It is possible to say that these countries have largely rejected the Soviet heritage to fully integrate themselves into the west. On the other hand, in the case of tourism and culture, the Soviet heritage and the remains of that period are treasures. For example, Estonia did not stop making propaganda for being a former communist country to win the Eurovision Song Contest.
The Baltic capitals Tallinn, Riga, and Vilnius won back their Soviet-era heritage as stylish hotels, boutiques and bistros and overflowing cafes. Those who want to remember Soviet times can find evidence of the old days in phantom regions, such as the abandoned military base of Paldiski in the west of Talin. But when it comes to political issues, we can classify the Baltic countries as full western countries, rather than English menus, instead of Russian.
Are These Countries Cheap?
It is possible to answer this question both yes and no. If you are interested in the possible expenses to be paid on business visits or famous brands, these countries do not serve less than other European countries. However, local services, food, beverages, taxis, and many other services that you can take advantage of, such as public transport, create attractive opportunities for those who want to visit these countries. Tourism has a very important place in the economy of these countries, so visitors can find different options for each budget. It is up to you to witness a low budget on the streets of Riga alongside a luxury Talin holiday.
When Should You Visit Baltic Countries?
It would be the best choice to visit these countries from April to October. July the hottest of these countries. If you want to witness “The White Nights” and the “St. John Night’ festivals (June 23) that everyone is curiously waiting for in the summer, June can be a great choice for visiting. During this festival, bonfires are burned, traditional drinks from each village can be tasted, songs are sung by flames, dancing and leaping through the bonfire, and the longest day of the year is celebrated with great enthusiasm in the Baltic countries.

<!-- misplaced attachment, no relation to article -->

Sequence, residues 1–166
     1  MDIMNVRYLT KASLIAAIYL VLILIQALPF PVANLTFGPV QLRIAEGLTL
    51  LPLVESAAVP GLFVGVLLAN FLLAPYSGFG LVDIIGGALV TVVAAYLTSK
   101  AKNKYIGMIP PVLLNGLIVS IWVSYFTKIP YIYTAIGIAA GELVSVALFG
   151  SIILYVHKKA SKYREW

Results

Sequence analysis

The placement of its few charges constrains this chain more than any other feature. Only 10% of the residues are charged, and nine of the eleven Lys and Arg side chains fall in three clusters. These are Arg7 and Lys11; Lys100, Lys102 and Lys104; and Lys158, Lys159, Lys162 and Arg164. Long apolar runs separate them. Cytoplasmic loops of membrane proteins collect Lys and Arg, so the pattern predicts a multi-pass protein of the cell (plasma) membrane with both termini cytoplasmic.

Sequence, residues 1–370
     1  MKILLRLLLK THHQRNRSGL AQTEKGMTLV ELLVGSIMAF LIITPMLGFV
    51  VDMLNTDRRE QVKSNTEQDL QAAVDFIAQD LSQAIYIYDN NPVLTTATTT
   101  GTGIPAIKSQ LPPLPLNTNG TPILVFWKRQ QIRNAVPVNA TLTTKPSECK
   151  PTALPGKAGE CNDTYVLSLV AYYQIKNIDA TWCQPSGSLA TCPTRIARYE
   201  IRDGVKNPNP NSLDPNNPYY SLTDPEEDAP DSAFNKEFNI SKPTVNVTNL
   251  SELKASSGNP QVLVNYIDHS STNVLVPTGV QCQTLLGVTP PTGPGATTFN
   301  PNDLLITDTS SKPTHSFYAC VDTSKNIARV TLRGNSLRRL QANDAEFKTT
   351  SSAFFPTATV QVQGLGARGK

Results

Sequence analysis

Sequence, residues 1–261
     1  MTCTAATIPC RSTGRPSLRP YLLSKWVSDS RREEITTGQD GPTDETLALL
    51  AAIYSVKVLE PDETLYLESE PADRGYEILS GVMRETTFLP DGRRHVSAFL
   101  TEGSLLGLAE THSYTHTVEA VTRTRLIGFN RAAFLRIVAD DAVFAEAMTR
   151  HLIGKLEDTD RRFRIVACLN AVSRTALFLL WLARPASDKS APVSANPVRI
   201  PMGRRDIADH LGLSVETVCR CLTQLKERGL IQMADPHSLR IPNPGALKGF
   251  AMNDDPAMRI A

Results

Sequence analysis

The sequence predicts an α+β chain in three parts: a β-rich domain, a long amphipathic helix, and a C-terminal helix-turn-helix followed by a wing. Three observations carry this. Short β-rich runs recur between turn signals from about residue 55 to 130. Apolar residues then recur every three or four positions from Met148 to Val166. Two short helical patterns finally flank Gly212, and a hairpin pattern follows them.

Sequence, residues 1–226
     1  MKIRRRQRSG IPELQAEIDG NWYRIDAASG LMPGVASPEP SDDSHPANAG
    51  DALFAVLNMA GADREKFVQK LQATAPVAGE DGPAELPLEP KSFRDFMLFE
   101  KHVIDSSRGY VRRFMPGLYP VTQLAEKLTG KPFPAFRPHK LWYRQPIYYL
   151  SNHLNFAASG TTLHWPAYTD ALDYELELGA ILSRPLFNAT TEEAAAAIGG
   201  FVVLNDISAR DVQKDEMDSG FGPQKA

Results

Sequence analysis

From Where Should You Start to Travel Baltic Countries?
Those who plan to visit these countries for the first time should definitely start by seeing the three capitals. The historical city centers and the rich cultural heritage can be very good options to visit.
Tallinn is one of the world’s best medieval cities. Pointed silhouette, orange castle towers and pastel-colored houses, the upper city with trees, dreamy sea views and the gulls surrounding the walls are totally adorable. Riga’s Old Town is also beautiful, but the strongest side of the city is the vibrant nightlife and amazing concentration of Jugendstil buildings. Vilnius is a dreamy Baltic capital, where two rivers meet. The Old Town is warm and soft: the houses in the red color, the wrought iron shop signs, the exaggerated baroque structures and the attractive maze of inner courtyards, are more commercial and more bohemian than other cities in the north.
Can you Swim in the Baltic Sea?
The clean beaches obtained as a result of the struggles against pollution can be an alternative option for swimming thanks to the different atmospheres both calm and pine trees. In three countries, many beaches have blue flag status. Although there are concerns in some areas of accidents and pollution, the answer to the question is definitely yes, swimming in the Baltic Sea.